The title of Frederick Wiseman’s six-hour long, grueling, engrossing, and revelatory documentary masterpiece “Near Death” (1989) refers not just to the terminally ill patients it observes but to the caregivers and loved ones close to those struggling with the inevitable. This complex relationship is observed as Wiseman tracks the progress of four terminally ill patients in the medical intensive care unit at Boston’s Beth Israel Hospital, shooting in muted black and white, mostly in claustrophobic hospital interiors, achieving a detached, acute, respectful, and sometimes unbearably intimate and empathetic record of life in extremis.
The processes of death and attending those dying are shown to have their own lulling rhythms. The specific illnesses are indirectly referred to, but the situations are all similar. Physicians and nurses — often very young, with their stethoscopes and haggard efficiency — attend to intubated faces pale with pain and terror. Most of the patients are old, their bodies ravaged, their long-term prospects nearly non-existent. One patient is a man in his 30s with a wife and three young children. “It’s tragic,” a nurse comments, hopelessly. Later a group of doctors and students examine and discuss the man’s organs, which are laid out on an autopsy table.
Each episode is punctuated by recurrent images in rhythmic patterns: a custodian cleaning up (“the grim sweeper,” as it were), an exterior of the hospital, pedestrians, and traffic on Brookline Avenue, day and night. Inevitably there’s another round of doctors and nurses counseling patients, their loved ones, and consulting each other. These interactions differ from each other in subtle and not so subtle ways, offering distinct points of view on the grim business, from the repeated explanations of diminishing options to patients and family, to the blunter talk among the staff – each conversation with its own lexicon of jargon and euphemisms. Let’s just say if you’re a patient and a doctor gently asks, “What is your understanding of the situation?” you might be in trouble.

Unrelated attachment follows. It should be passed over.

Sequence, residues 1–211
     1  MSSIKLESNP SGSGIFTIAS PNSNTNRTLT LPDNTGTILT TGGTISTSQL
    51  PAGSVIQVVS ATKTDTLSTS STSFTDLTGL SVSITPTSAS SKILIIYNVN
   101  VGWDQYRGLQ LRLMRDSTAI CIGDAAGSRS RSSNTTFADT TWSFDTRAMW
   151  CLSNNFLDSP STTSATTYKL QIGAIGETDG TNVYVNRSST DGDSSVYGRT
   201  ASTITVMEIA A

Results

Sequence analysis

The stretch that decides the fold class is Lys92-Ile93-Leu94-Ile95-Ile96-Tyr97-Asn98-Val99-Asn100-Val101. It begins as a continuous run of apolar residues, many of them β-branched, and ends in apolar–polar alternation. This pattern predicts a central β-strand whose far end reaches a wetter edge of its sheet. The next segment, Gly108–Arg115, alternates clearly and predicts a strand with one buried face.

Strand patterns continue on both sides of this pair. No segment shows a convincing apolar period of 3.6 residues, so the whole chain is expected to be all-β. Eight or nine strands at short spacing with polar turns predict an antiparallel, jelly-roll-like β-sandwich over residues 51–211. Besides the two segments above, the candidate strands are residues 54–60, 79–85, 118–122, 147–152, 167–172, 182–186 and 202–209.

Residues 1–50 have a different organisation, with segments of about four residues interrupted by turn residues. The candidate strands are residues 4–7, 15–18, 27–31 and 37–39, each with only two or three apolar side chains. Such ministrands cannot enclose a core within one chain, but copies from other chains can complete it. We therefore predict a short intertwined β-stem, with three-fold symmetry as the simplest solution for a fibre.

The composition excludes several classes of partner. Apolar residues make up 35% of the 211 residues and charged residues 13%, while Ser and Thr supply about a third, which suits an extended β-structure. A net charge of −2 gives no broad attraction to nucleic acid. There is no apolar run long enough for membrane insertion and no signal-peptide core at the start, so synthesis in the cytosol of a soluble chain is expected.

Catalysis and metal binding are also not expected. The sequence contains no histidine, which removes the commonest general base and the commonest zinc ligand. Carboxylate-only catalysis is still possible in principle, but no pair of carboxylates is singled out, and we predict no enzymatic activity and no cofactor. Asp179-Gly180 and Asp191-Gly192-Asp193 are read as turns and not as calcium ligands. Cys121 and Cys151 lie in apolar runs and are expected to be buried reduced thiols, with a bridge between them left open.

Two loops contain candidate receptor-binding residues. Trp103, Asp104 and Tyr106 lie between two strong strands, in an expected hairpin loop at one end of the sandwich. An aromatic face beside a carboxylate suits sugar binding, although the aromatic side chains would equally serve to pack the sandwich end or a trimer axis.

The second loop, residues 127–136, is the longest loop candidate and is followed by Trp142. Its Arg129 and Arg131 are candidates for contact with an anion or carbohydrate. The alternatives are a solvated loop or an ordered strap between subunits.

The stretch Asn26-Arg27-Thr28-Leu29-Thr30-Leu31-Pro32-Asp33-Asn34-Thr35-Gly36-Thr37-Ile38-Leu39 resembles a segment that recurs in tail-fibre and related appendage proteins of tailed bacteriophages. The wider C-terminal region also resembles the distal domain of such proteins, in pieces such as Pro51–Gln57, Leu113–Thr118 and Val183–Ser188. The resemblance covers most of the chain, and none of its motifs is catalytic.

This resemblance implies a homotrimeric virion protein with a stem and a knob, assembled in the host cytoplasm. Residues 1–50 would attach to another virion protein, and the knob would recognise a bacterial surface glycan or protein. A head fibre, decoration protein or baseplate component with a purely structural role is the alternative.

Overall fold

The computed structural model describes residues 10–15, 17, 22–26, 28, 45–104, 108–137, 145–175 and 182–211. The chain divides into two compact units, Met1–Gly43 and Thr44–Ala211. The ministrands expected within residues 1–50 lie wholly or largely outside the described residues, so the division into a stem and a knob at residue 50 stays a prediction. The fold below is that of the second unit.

A revealing discussion between two doctors occurs near the end of the film. One argues that everything must be done to keep the patient alive unless the vague state of “brain death” sets in. The other wonders about the efficacy, expense, and needless suffering incurred by patients because of the questionable boon of technological progress. Is it better to live for six months with continuous suffering or three months with managed pain?
Though he seems to be presenting life unmediated and uncut, Wiseman in fact subtly orchestrates and structures his film. It opens and closes with boats on the Charles, brilliant and brimming with life in the sunshine. And towardsthe end there are two shots that epitomize the pathos and hope of mortality: a gurney wheeled out carrying just the sad little bag of a deceased patient’s belongs, and later, another gurney, but with the bag accompanied by a patient who was near death, but is going home, for now.
“Near Death” can be seen on Wednesday at 4 p.m. as part of the “Frederick Wiseman: For the Record” series that continues through June 4 at the Museum of Fine Arts. The screening will be preceded by an introduction by Mitchell T. Rabkin, professor of medicine at Harvard Medical School, who was CEO of Beth Israel Hospital from 1966-1996.Peter Keough can be reached at firstname.lastname@example.org.